Tapestry of flavors

If Cusco was the capital of the Inca Empire, Lima is the capital of Peruvian cuisine. It all started with the fusion of Andean and Spanish, and was further shaped and perfected through immigration waves: African, Middle Eastern, Chinese, Japanese and Italian being the most important.

We will start off in Lima´s historic downtown, looking at masterpieces of colonial architecture such as the Santo Domingo Convent, the Cathedral and the Casa de Aliaga. 

Our gastronomic adventure officially starts at Lima´s Barrio Chino (Chinatown). Lunch will be in a chifa, a term used in Peru to refer to a style of Chinese cooking in which the ingredients originally used from China were substituted by those available in Peru.

In the afternoon we will enjoy the permanent exhibition of renowned Peruvian photographer Mario Testino at the MATE, located in the bohemian quarter of Barranco. Our day will end with a sampling of piscos, accompanied by a variety of Peruvian tapas.

This mornng we will enjoy a traditional Peruvian breakfast.
Touring the halls of the Larco Herrera museum, hosted by its curator, we will learn about pre-Inca Peru – the museum houses one of the finest collection of gold and silver pieces, as well as a sampling of erotic huacos (earthen vessels).
Lunch will be an imaginary trip to the Amazon region. At Amaz, chef Pedro Miguel Schiaffino uses ingredients from the Peruvian
Amazon to show the cultural and culinary richness of the region.
The exclusive Cala restaurant will be our meeting point for dinner: here, Peru´s ample seafood variety is prepared using a masterful blend of Peruvian and Mediterranean styles.
Upon our return from Cusco, we will discover the best of northern coastal cuisine. Fiesta restaurant embodies the best of Chiclayo flavor and seasoning.

A culinary adventure through the Urubamba Sacred Valley is literally traveling back in time. Today´s Andeans still maintain many traditions that date back to Inca times, and food is no exception.
In Chinchero we will meet with Nilda Callañaupa, heir to a centuries-old weaving technique she proudly preserves through the
Nat Geo – sponsored Cusco Center for Traditional Textiles.

Lunch at Wayra ranch will provide an opportunity not only to sample a variety of Andean dishes, but also to see another icon of Peruvian
identity: the Peruvian Paso Horse. Lamay is a small agricultural community where we’ll partake in the daily activities of inhabitants, learning about ancient agricultural techniques that for many reasons are still used in the area. Lunch will be at the 300 year-old Huayocari Hacienda estate, and prepared using exclusively local products.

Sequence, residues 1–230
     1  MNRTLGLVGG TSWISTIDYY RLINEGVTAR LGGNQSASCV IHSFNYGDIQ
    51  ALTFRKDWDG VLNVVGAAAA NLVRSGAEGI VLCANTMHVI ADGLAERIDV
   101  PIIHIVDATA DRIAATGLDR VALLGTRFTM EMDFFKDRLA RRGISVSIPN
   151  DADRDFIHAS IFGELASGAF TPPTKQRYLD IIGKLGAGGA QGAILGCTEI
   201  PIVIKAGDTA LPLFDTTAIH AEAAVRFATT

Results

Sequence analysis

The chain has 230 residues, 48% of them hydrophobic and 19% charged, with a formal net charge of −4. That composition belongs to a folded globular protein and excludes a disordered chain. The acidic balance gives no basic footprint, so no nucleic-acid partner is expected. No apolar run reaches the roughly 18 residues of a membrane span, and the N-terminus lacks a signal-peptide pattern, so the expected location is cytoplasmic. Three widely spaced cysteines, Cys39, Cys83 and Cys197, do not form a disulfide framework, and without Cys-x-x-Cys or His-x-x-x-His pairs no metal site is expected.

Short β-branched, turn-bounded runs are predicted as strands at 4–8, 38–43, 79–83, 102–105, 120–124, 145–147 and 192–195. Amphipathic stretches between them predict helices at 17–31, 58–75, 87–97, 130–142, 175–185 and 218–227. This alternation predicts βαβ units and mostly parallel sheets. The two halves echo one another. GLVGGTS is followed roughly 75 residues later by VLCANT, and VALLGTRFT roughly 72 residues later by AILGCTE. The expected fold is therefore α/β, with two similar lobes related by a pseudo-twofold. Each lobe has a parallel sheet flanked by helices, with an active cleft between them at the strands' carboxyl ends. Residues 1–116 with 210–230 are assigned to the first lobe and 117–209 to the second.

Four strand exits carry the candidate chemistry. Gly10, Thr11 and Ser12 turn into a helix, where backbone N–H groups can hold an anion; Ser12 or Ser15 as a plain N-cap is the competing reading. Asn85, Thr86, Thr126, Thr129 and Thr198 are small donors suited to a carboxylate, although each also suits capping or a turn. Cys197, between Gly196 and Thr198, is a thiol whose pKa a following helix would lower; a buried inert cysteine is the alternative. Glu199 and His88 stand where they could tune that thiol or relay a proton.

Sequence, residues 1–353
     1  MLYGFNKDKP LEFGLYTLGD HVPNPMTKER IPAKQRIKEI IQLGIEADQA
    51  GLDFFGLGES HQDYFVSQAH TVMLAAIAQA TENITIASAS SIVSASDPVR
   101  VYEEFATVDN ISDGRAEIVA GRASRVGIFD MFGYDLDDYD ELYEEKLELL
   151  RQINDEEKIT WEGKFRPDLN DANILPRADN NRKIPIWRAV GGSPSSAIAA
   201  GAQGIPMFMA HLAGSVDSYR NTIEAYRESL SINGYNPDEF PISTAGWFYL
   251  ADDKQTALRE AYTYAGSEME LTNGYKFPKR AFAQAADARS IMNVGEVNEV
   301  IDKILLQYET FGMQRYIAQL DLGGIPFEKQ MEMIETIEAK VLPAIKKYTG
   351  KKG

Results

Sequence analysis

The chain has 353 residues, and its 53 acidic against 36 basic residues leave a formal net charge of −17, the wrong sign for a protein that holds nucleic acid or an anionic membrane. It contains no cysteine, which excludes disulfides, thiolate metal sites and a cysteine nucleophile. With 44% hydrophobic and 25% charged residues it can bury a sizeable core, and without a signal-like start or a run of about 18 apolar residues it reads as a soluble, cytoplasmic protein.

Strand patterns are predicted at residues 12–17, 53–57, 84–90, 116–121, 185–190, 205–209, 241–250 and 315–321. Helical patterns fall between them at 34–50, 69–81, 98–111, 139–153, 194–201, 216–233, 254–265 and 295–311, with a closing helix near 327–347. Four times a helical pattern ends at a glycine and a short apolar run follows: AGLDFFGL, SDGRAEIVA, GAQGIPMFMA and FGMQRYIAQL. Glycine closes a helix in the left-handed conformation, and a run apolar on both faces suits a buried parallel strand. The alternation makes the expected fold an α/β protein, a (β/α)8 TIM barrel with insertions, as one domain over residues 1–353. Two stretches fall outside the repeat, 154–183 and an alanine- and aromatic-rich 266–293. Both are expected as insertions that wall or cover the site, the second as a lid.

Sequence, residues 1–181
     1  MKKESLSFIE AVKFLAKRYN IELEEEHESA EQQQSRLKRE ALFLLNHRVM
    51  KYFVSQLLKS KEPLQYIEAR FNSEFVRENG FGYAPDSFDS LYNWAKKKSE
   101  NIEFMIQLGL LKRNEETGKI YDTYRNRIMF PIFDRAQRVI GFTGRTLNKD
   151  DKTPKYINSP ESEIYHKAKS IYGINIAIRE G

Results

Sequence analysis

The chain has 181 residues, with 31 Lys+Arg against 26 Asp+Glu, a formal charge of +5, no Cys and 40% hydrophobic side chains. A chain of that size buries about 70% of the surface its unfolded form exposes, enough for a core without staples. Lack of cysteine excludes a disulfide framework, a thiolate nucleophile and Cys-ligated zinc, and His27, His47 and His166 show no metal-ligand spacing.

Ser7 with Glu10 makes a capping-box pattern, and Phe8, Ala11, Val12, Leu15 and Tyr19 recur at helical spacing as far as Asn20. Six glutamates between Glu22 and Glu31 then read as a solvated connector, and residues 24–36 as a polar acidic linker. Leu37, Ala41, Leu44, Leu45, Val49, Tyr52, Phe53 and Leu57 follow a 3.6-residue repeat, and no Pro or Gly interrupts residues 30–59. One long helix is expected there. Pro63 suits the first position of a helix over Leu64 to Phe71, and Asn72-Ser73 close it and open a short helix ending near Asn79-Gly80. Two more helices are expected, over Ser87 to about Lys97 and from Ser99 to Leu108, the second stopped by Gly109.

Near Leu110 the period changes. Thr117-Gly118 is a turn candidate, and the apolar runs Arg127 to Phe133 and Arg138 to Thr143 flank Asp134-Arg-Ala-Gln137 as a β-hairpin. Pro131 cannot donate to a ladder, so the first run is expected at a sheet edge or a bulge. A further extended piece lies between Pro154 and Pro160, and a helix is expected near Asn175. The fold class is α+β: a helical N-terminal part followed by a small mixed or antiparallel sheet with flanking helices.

During our visit to Ollantaytambo, the only town to maintain the Inca system of urban planning, we will stop by a chicheria and try chicha, corn beer still made the same way it has done for centuries.
We will have dinner at EL HUACATAY, a small, cozy restaurant with a unique fusion menu. On our way back to Cusco we will stop in the quaint colonial town of Pisac and visit its unique arts and crafts market, and also in Awanakancha, where we will appreciate the four types of camelids that inhabit the Andes, one of them, alpaca, being a staple.

A bit over century ago Hiram Bingham made the scientific discovery of Machu Picchu, a site he though was the lost city of the Incas.
Accompanied by an expert guide, we will learn about its meaning and place within the Inca Empire.
The beauty and complexity of the architecture, the spectacular natural landscapes, and the energy contained within its structures will for sure take your breath away.

Cusco, which means “navel of the world” in Quechua, is still considered the center of andean life. During our city tour we will visit the Main Square and its amazing Cathedral as well as Sacsayhuaman, an amazing Stone construction the meaning of which is still uncertain.
However, the main focus will be put on the San Pedro market – here we will see and smell (those adventurous enough can even try) every single ingredient used by everyday Cusqueno, including many that come from the Amazon region.
One of our lunches will be at Quinta Eulalia, a traditional local eatery that has been serving authentic Cusqueno cuisine since 1941 – the oldest of its kind in the city.
And for a hands-on finale to our journey, we will participate in a cooking class, under the guidance of a professional chef.

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